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Computer Fraud and Abuse Act 101
Lawyers should have a basic understanding of the federal Computer Fraud and Abuse Act, which provides criminal and civil penalties for wrongfully accessing a computer to do harmful things. They also should understand how to allege a loss under CFAA in a business case, which is not straightforward. Failing to satisfy this requirement means a court will not have jurisdiction over a CFAA civil claim. Consequently, many otherwise valid civil claims founder.
CFAA applies to the access of any computer connected to the Internet. Lawyers most commonly bring CFAA causes of action in civil cases when company insiders, usually departing employees, allegedly wrongfully access the company's computers and improperly delete, alter or take information. CFAA also can apply when companies access competitors' websites to gain competitive information in violation of the sites' terms of service, create fictitious profiles to snoop about what people are doing online or wrongfully access other people's paid online subscription services in violation of the services' agreements.
To obtain a civil remedy under CFAA, a plaintiff must satisfy the jurisdictional prerequisite of establishing a $5,000 loss. Doing so is not as straightforward as it may appear.
CFAA §1030(g) provides for a civil remedy. The first sentence reads: "Any person who suffers damage or loss by reason of a violation of this section may maintain a civil action against the violator to obtain compensatory damages and injunctive relief or other equitable relief."
Cross-references in §1030(g) limit the type of conduct for which a civil action is available. Most business-related claims would seem, at first glance, to fall within the requirement that the violation caused a loss aggregating at least $5,000 to one or more persons in any one-year period.
But a "loss" under CFAA is not what lawyers generally understand to be damage or damages, each of which has a different meaning under CFAA. For example, stolen intellectual property, regardless of its value, does not count toward the $5,000 loss. Privacy invasions and personally identifiable information, regardless of how valuable, also do not constitute losses under CFAA.
Instead, a loss must be a cost. It must be a reasonable cost to the victim to investigate, respond or remedy the damage the violation caused to the data or computer, unless the case involves an interruption of service, which is relatively rare.
One example of such a cost would be the fees a computer forensics firm charges to secure the violated computer, to investigate the damage caused to the computer and to restore the data. Another cost that can satisfy this requirement is the value of company employees' time, if the value can be accurately determined. Other expenditures that might qualify as a cost under CFAA include bartered services, such as a computer forensics company that agrees to perform the investigation in exchange for goods or services from the computer owner's company, or a limited amount of attorneys' fees charged for leading the investigation or the remediation process.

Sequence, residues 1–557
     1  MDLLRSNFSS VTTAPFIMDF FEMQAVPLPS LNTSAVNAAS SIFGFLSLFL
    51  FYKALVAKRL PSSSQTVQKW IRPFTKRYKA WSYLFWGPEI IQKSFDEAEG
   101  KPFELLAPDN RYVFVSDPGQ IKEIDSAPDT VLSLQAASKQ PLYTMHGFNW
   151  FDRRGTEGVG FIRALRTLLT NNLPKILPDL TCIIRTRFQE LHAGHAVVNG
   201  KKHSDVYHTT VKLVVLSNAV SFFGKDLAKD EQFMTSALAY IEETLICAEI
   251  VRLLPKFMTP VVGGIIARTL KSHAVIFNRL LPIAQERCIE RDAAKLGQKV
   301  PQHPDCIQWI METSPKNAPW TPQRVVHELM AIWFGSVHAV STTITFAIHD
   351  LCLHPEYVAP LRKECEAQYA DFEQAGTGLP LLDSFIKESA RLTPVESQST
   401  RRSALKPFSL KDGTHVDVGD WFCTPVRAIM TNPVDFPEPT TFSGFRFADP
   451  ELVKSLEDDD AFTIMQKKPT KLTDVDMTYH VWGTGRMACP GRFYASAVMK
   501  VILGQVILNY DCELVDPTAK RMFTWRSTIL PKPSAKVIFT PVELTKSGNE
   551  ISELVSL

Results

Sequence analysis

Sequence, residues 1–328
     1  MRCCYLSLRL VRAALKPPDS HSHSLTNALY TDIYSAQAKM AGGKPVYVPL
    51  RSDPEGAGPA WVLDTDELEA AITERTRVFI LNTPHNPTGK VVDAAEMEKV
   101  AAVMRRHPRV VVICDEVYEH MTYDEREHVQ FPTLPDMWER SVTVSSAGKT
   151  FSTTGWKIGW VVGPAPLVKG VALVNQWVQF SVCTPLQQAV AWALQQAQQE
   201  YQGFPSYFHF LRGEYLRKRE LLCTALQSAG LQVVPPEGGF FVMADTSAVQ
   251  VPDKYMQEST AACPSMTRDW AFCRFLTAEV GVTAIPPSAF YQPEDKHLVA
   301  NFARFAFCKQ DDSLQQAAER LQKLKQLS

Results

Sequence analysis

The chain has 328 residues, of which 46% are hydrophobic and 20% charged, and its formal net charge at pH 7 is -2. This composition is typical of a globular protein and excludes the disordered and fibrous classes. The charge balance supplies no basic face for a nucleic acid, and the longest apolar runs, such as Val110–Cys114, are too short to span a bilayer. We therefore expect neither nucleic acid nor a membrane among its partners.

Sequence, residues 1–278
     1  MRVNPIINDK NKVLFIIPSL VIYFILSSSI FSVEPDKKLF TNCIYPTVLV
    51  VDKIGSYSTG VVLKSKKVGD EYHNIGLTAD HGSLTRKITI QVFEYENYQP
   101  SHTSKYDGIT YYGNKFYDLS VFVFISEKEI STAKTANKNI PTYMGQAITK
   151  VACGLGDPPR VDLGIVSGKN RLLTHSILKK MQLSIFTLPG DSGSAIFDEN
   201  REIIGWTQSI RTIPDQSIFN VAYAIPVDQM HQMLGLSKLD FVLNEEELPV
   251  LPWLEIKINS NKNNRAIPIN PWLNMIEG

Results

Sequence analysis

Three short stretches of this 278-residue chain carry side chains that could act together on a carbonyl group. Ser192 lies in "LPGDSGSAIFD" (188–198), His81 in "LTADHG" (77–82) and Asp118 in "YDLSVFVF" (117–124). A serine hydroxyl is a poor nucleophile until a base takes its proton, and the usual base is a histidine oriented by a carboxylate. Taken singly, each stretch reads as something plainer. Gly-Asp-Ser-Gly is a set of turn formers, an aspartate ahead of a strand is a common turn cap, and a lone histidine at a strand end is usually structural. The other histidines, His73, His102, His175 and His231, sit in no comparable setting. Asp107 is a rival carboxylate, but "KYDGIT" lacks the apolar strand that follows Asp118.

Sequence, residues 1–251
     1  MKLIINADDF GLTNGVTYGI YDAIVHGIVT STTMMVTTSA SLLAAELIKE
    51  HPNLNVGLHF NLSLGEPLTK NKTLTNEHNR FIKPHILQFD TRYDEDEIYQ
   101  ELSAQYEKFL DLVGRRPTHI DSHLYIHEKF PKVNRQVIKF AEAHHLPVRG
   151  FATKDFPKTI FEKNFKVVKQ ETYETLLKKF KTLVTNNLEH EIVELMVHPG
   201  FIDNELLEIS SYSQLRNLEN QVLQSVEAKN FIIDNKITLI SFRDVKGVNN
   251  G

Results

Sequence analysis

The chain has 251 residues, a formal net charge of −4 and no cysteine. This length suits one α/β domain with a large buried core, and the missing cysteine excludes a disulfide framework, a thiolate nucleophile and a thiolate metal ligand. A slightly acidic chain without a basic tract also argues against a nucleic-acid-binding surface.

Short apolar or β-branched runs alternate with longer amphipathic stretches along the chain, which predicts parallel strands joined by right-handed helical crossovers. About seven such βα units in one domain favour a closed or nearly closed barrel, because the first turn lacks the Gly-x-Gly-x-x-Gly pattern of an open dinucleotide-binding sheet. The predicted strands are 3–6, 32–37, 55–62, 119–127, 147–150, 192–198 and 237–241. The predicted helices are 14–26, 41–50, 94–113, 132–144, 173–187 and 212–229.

An attorney seeking to best position the case to satisfy the loss requirement should lead and coordinate the investigation himself. Even if the attorney's fees are not ultimately recoverable, there are still procedural and evidentiary reasons why it would be valuable for the attorney to lead and coordinate the investigation, such as obtaining work-product and attorney-client privilege protection.
The lawyer also should retain a licensed computer forensics firm, which should do two things. First, it should secure the computers so the evidence will not be tainted. Securing the computers includes preventing anyone else from using the computer to investigate on his own. Second, the computer forensics firm should conduct a thorough investigation and perform the work necessary to respond to and remediate the problem. The computer forensics firm actually has to perform the work. Speculation about work that likely will be required in the future will be insufficient to constitute a loss.
The lawyer also should keep accurate records of the activities performed by all involved and itemize that information in the federal court complaint or state court petition.
Ideally, the costs for the forensics and remediation services alone will exceed $5,000, but the lawyer should include the other costs, as well, because they may qualify, depending on the court.
If, at the end of the day, the amount of costs is $5,000 or more, there should be no problem meeting the loss requirement for the civil CFAA claim.
Shawn E. Tuma is the co-founder of BrittonTuma in Plano. He regularly writes about the Computer Fraud and Abuse Act on the Computer Data Privacy Law Blog, which can be found at www.shawnetuma.com.
This article origianlly appeared in Texas Lawyer.